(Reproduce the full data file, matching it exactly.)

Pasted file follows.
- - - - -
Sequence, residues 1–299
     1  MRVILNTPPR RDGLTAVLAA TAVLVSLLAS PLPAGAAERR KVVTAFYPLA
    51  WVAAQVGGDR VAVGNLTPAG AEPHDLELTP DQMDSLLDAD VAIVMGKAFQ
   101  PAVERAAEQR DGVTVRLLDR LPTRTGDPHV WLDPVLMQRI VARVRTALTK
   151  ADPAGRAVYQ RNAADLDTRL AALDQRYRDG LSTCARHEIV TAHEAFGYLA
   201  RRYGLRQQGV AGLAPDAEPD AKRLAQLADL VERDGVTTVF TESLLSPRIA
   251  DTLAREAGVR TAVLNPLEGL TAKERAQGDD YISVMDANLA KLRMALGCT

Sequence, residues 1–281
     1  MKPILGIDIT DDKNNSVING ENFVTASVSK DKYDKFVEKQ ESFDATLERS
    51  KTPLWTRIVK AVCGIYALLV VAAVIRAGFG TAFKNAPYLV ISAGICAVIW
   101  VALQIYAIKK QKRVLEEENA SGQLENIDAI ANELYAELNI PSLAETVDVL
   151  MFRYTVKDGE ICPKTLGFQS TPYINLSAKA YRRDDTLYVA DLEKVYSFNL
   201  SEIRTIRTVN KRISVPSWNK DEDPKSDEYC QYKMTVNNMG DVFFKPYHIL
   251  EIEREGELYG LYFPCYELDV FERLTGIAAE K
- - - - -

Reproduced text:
Sequence, residues 1–299
     1  MRVILNTPPR RDGLTAVLAA TAVLVSLLAS PLPAGAAERR KVVTAFYPLA
    51  WVAAQVGGDR VAVGNLTPAG AEPHDLELTP DQMDSLLDAD VAIVMGKAFQ
   101  PAVERAAEQR DGVTVRLLDR LPTRTGDPHV WLDPVLMQRI VARVRTALTK
   151  ADPAGRAVYQ RNAADLDTRL AALDQRYRDG LSTCARHEIV TAHEAFGYLA
   201  RRYGLRQQGV AGLAPDAEPD AKRLAQLADL VERDGVTTVF TESLLSPRIA
   251  DTLAREAGVR TAVLNPLEGL TAKERAQGDD YISVMDANLA KLRMALGCT

Sequence, residues 1–281
     1  MKPILGIDIT DDKNNSVING ENFVTASVSK DKYDKFVEKQ ESFDATLERS
    51  KTPLWTRIVK AVCGIYALLV VAAVIRAGFG TAFKNAPYLV ISAGICAVIW
   101  VALQIYAIKK QKRVLEEENA SGQLENIDAI ANELYAELNI PSLAETVDVL
   151  MFRYTVKDGE ICPKTLGFQS TPYINLSAKA YRRDDTLYVA DLEKVYSFNL
   201  SEIRTIRTVN KRISVPSWNK DEDPKSDEYC QYKMTVNNMG DVFFKPYHIL
   251  EIEREGELYG LYFPCYELDV FERLTGIAAE K